As important as it is to communicate an upcoming change in a timely fashion, it is equally as important to help employees understand how change will affect what and how they do their job. If you’ve missed the first three in this 5-part series, you can access them by simply clicking on the links below:
- Tip #1: Communicating Change throughout the Organization
- Tip #2: Achieving Buy-In at All Levels of the Organization
- Tip #3: Helping Employees Understand How Change will Impact them
Tip #4: Communicate New Ways Employees are Expected to Work
Changes in the workplace can impact technology, functional processes, procedures, policies and even an organization’s corporate culture or values. Whichever the case, you can be certain that it will require some sort of change from employees – even if only limited to a single functional group. The anticipated change(s) in an employee’s role should be communicated as early as possible. Depending on the scope of the change, there are a variety of ways you can communicate this information: email, website, desk drops, FAQs, training classes, and in-person meetings, to name a few.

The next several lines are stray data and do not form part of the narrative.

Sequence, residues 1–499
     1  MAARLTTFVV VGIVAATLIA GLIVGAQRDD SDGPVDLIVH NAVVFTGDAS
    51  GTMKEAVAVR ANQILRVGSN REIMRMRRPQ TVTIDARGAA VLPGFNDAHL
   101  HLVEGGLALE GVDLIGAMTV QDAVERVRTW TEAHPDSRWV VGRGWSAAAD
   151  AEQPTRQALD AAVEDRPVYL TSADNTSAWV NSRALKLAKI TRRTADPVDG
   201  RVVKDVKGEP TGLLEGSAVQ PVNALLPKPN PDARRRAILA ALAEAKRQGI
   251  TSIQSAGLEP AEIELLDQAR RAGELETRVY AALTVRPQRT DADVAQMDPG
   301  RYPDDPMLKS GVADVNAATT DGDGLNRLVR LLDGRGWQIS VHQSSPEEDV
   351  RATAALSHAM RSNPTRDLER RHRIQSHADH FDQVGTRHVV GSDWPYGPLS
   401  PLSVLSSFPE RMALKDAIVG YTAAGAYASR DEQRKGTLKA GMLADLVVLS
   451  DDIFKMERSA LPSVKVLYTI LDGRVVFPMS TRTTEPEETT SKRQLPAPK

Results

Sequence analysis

I prefer to help employees understand the difference in how they work today and what will be expected of them in the future by creating a simple chart that compares current and future work practices. This side-by-side approach is clear, concise, and readily conveys how the employee is expected to work when the change is implemented. Whatever the change is, your employees need to have a sense of what you expect of them in their new role. They will want to know – they will need to know.
In my next and final blog in this series, I will discuss the importance of leveraging employees as change advocates.